Today we left Pamplona and headed for Puente La Reina, about 15 miles west. The first part of our journey was a long climb up the "Alto del Perdon," or "Heights of Forgiveness." From Pamplona we could see the top of the mountain ridge, covered with windmills too tall for Quixote to challenge. This is agricultural country, and all day we passed fields of working farms--hay, corn, vineyards (this is wine country!) and the occasional artichokes, and others. We walked through where others are hard at work. It was a glorious bright day, especially once we summitted Forgiveness and headed down the other side.
It seems people in general are more comfortable with forgiveness if we think we've done something in exchange for it. Especially if that something is hard. One of the good aspects of the Catholic sacrament of confession is that, especially for those with a lively sense of sin, the penance often doesn't seem like enough to "earn" forgiveness. "What? Say a few prayers? Be kind to someone? After all the evil things I did?" The tradition is full of people making spectacular expiation with this or that building--pilgrimage itself has been used as a penance, in which we earn our forgiveness with blisters (and in the past danger.) Instead of sending people on pilgrimage as penance, wouldn't it have been better to say, "hey, try to be a better farmer--be grace for others wherever you are, instead of seeking forgiveness on the road. Forgiveness isn't on the mountain--it just is, right here." In fact, it's even easier than the tradition has it. Forgiveness is just given. Like grace. It's scarier that way--the quid pro quo of "I'll say my prayers, then be off on my sinful way again, thanks very much," yields to a more challenging "yup. Forgiven. Simple as that. Now how do you LIVE as forgiven?" So we crossed the "Heights of Forgiveness" today. But at the top, looking out over the country ahead of us, laid out in glorious tapestry...didn't feel penitential at all, at all.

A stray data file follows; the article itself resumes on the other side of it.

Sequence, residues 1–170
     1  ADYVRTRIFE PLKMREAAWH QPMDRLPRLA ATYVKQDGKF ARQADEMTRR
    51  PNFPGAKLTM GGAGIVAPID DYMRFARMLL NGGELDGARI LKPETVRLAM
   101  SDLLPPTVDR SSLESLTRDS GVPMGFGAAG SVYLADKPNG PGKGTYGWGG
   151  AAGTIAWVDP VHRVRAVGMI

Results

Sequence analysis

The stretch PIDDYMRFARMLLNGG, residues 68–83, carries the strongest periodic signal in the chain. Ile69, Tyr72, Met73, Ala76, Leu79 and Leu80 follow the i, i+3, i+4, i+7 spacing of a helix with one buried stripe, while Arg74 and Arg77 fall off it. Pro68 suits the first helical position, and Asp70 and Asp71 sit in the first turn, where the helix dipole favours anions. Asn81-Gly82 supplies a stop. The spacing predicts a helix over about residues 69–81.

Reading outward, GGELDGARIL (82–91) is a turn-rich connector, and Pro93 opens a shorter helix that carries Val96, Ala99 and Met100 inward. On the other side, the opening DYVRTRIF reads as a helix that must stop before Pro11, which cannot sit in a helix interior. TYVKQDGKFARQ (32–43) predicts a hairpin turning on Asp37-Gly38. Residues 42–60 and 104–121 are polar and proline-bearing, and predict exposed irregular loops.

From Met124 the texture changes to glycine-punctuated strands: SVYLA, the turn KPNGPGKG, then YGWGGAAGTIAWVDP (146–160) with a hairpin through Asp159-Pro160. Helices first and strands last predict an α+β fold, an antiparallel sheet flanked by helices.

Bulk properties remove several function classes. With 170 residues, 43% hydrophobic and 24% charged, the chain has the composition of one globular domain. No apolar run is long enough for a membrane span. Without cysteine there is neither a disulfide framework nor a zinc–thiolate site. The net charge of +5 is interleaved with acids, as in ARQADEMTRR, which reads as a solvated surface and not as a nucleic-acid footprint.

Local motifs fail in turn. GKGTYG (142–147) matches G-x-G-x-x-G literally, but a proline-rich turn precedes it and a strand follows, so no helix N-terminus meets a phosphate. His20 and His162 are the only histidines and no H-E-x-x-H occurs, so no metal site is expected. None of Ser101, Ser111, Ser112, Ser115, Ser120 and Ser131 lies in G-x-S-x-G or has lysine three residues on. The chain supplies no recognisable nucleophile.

Once we hit Puente and were situated in our hostel, we traded boots for sneakers and set out to explore the town. The first building we went into was Iglesia del Crucifijo, a little church just beyond another hostel here in town.
In my touring of Spain, I went into a bunch of churches, most of them stunning landmarks. But they all charged admission, sometimes not even pretending to call it a "donation," or any minimal fiction. It added to the post-Christian feel of much of the country--the Church is merely a historical landmark that one visits like any other relics you pass on your travels. Here, though, we walked un-charged into a cool, dark sancturary lit through mica windows with a large, simple but evocative crucifix on one wall. The quiet was enveloping. The day had been a long and strenuous walk--15 miles with a pack is a long way! We wound up, at least for a short visit, just where we needed to be. And were met in the quiet.